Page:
Ask your doctor or midwife if you’re not sure when you need to have a particular test, or why it is recommended for you.

ASK YOUR DOCTOR — Preparing for an appointment? Use the Question Builder for general tips on what to ask your GP or specialist.

Do I have to have the routine antenatal tests?

During pregnancy, you and your doctor and midwife can decide together which tests you will have.

You will be given information about each test so you can make an informed decision.

You can choose whether to have antenatal tests. You may decide to have all the tests recommended or only a few.

It’s a good idea to think about the possible results of antenatal testing, and how you might feel when you get the results.

Many people find it helpful to ask questions and discuss their options with their doctor or midwife. You can talk to your partner, close family and friends to help you make choices that are right for you.

Be careful about following advice from the internet or social media since it may not be accurate.

Your doctor or midwife can answer your questions and give you accurate information and advice about your situation.

Questions for your doctor

Here are some questions you might want to ask your midwife or doctor:

  • Why are you offering me this test?
  • What does the procedure involve?
  • Do I need to do anything on the day?
  • When will I get the results?
  • Who will contact me to give me the results?
  • Do I need to do anything to care for myself after the procedure?

More questions to ask your doctor about tests and scans.

Who will do the tests?

Your doctor or midwife will refer you for any antenatal tests that are recommended.

Blood tests

Blood tests are usually done at a pathology collection centre or hospital by a trained pathology collector.

Ultrasound scans

Ultrasound scans are usually performed by a specially trained technician called a sonographer. They can also be done by doctors, midwives or other health workers. Scans may be performed in a radiology clinic or a hospital.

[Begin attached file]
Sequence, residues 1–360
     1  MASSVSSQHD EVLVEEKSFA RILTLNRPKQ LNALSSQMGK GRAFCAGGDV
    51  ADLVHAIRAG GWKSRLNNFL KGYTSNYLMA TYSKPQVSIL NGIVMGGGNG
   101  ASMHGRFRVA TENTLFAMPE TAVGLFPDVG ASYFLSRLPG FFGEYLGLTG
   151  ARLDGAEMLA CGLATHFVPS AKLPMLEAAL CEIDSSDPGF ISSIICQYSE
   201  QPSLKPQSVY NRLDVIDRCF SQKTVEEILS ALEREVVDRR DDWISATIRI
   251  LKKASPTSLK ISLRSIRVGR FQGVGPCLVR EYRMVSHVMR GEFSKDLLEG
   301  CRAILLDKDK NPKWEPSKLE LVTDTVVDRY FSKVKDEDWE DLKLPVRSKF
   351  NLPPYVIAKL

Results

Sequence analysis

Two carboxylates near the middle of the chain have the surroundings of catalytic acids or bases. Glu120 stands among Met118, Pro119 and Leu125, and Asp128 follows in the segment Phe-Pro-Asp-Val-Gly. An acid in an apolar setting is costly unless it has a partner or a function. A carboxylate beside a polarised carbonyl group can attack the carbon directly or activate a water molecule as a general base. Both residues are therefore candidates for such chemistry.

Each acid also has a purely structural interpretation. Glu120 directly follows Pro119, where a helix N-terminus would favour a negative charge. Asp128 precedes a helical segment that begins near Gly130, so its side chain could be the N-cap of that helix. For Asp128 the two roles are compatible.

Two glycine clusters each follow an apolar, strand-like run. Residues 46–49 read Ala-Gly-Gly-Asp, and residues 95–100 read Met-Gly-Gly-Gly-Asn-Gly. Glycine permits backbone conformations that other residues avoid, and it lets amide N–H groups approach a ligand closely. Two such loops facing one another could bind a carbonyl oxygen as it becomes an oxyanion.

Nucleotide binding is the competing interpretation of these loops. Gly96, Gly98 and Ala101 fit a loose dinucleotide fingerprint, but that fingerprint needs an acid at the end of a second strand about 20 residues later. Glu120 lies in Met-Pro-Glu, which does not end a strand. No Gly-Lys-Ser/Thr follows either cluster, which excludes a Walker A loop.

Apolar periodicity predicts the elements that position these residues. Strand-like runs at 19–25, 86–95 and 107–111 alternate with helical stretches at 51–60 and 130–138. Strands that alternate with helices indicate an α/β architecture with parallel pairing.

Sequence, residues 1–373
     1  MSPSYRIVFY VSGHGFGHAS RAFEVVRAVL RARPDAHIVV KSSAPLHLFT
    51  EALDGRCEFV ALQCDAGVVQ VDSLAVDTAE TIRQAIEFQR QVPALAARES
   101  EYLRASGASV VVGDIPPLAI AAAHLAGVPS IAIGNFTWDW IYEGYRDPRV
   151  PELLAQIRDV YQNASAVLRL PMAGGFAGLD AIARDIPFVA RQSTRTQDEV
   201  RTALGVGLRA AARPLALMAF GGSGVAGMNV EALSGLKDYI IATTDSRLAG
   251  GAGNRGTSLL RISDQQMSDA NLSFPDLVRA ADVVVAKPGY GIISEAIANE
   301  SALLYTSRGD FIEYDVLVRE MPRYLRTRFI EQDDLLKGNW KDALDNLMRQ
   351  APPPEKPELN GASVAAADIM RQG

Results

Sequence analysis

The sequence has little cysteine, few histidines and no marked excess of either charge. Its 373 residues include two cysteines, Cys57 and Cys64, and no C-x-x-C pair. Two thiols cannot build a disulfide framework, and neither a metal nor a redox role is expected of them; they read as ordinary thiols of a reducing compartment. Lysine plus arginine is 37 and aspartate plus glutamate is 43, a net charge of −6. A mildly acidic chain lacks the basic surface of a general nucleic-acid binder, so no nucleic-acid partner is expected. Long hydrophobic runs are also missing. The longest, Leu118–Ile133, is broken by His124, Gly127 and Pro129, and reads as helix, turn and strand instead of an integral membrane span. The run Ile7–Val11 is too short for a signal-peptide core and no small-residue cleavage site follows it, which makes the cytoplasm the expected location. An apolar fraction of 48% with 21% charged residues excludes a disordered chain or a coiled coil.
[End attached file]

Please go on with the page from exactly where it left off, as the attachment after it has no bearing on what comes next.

Specialist tests

Procedures such as chorionic villus sampling (CVS) and amniocentesis are done by a specialist doctor in a clinic or hospital.

FIND A HEALTH SERVICE — The Service Finder can help you find doctors, pharmacies, hospitals and other health services.

What do antenatal tests cost?

Medicare covers at least some of the cost of routine antenatal tests. You can get some money back or be bulk billed for many ultrasounds and blood tests.

However, not all antenatal tests are covered by Medicare. You may need to pay an out-of-pocket cost, depending on the test and where you get it done. Speak to your doctor if you are worried about the cost of antenatal tests.

It’s a good idea to check about the fees when you book your appointments.

What happens when I get the results?

Your doctor, obstetrician or midwife can answer your questions and give you more information about antenatal tests. They can also discuss the meaning of your test results.

They may also suggest talking to a genetic counsellor, who can guide you through the implications of your results, any decisions you may need to make and the relevant support available.

The best way to contact a genetic counsellor is to ask your doctor. They can refer you to a genetic counselling service.

The Human Genetics Society of Australasia also has a Find a Genetic Counsellor service. It can help you find a registered counsellor in your area.

Resources and support

For mental health support during pregnancy visit:

Try the Australian government Medical Costs finder.

Watch a video about maternity care in Australia in your preferred language.

Speak to a maternal child health nurse

Call Pregnancy, Birth and Baby to speak to a maternal child health nurse on 1800 882 436 or video call. Available 7am to midnight (AET), 7 days a week.

Learn more here about the development and quality assurance of healthdirect content.

Last reviewed: November 2023